I have always been a runner. I grew up in a house a lot like my own now. My parents were runners and would race on the weekends. Sometimes I would go and hold down a water station or collect bib strips (this was back in the day before time chips). I ran because that’s what I grew up doing. It was a healthy lifestyle and something I wasn’t too shabby at either.
I ran off and on over the years after having kids. I found my place in Stroller Warriors® and loved having a great place for my children, as well as myself. But I still wasn’t consistent and felt like I was running just to run.
Then my son was diagnosed with special needs. My husband was deployed, Stroller Warriors® was supporting me, and I felt I needed something; a way to make this a positive experience. I was overwhelmed and depressed. Several Warriors had just finished running the Marine Corps Marathon and I had just finished my first half marathon. I found myself thinking, “What better way to get through the deployment than to run through it!” I decided to run my first ever marathon! If being a special needs parent was going to be daunting, I was going to take it on with a marathon. Running always helped me relieve stress, so this was perfect!
At the time, therapists weren’t sure what my son was struggling with and he was diagnosed with Apraxia, a rare motor disorder in which the individuals have a difficult time with motor planning to perform tasks like talking or eating. Raising funds for Apraxia Kids became my main focus. I wasn’t focused on how hard the miles were getting during training, how tired I was on the cold winter runs, or how lonely I was with my husband gone and three small children to raise. I was doing something bigger than myself, and that helped me to shift my focus away from me and move it to other people. I wasn’t running for me anymore, I was running for them.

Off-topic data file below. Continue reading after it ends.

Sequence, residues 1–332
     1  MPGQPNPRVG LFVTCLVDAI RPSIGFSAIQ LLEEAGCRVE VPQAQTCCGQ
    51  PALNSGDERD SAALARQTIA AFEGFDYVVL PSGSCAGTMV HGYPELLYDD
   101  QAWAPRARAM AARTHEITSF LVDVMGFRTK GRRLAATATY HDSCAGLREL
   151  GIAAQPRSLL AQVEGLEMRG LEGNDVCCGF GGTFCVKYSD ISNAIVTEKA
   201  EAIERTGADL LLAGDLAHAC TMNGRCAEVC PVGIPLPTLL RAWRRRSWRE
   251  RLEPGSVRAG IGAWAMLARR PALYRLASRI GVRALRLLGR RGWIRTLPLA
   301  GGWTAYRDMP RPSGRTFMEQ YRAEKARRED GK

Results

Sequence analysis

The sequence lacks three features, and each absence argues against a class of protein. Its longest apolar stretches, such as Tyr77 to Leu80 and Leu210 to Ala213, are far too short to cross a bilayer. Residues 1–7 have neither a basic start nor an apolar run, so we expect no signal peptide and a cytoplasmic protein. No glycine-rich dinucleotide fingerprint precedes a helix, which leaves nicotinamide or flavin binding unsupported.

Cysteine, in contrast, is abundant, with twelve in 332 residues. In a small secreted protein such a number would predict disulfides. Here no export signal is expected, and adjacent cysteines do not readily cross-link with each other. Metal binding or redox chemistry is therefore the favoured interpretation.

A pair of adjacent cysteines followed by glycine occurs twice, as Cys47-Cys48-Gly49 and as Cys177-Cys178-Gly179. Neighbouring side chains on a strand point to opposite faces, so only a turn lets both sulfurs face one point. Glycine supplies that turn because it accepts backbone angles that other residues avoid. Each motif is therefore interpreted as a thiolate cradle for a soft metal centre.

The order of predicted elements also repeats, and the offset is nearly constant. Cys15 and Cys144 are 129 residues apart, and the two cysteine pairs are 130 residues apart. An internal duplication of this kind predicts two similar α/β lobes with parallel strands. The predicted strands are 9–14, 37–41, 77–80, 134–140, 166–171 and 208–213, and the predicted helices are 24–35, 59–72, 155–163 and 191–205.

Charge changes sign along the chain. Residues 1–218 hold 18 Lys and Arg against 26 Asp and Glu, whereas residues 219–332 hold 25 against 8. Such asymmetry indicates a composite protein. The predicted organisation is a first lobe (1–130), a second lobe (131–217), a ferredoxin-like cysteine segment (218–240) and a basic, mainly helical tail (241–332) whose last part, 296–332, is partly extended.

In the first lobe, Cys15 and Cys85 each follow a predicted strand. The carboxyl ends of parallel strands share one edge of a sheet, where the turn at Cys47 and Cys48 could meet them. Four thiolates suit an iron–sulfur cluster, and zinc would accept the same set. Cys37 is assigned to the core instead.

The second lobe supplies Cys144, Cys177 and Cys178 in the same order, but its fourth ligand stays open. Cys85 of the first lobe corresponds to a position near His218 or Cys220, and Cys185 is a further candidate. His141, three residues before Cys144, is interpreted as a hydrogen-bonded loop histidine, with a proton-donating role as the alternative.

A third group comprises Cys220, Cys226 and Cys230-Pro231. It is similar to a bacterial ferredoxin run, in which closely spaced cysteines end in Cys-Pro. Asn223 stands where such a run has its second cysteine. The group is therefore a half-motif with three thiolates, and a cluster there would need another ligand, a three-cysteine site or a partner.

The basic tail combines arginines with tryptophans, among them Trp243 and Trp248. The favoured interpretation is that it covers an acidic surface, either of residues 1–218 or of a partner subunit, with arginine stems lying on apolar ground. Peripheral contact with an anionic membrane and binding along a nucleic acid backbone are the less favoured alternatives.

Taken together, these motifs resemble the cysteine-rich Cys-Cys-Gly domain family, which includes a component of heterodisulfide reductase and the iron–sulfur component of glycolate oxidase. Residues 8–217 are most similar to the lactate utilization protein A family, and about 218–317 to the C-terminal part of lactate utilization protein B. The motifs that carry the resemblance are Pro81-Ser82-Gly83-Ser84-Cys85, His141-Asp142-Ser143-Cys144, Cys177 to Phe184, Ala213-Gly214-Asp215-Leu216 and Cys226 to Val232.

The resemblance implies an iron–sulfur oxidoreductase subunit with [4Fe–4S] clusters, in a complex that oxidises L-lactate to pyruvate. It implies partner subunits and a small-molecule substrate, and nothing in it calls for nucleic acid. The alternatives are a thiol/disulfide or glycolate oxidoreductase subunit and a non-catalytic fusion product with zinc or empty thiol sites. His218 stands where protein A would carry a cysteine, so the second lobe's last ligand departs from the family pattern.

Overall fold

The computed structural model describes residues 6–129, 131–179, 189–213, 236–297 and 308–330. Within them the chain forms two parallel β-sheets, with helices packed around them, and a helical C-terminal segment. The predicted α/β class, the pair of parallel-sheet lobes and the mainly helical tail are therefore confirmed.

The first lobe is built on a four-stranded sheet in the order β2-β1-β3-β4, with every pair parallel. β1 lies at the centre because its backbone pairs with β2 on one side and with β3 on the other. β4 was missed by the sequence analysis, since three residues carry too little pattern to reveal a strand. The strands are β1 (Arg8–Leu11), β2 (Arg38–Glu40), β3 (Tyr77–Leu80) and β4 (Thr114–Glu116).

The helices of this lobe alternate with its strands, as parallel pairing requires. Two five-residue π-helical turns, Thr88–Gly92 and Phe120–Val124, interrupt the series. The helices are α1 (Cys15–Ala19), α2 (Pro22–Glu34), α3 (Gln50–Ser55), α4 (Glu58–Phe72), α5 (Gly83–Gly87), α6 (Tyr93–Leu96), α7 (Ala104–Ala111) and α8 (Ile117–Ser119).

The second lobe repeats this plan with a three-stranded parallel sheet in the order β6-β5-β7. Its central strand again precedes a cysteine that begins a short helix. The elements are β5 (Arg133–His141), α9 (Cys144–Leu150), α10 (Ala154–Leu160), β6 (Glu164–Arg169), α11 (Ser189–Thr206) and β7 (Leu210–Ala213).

That training cycle and my first marathon forced me to see running in a whole new light. Running wasn’t just about me or how I grew up anymore, it was now a way that I could raise awareness and at the same time could help to make other peoples’ lives better! I have since fundraised for several other causes, including Organization of Autism Research and Semper Fi Fund! The races may not have gone the way I wanted them too, but it wasn’t about me. It was about who I can help.
I want to encourage you to train with and race for a charitable organization. When the focus of your race shifts, it can have an astounding impact on your mentality and your training. But not only that, you can take pride in the fact that you are raising awareness for a special cause and are helping many people in the process.
If you’re not sure which charity you want to race and raise money for, you can start by using the website www.charitywatch.org. CharityWatch is an organization you can use to vet charity organizations. This is a great resource to check where the money is going and how much is being used to help those you want to impact.
We can do so much. It’s a joy to give back! I hope you will one day join me in racing for a cause!
If you’ve already raced for a cause, please tell us about it in the comments below. We’d love to hear from you!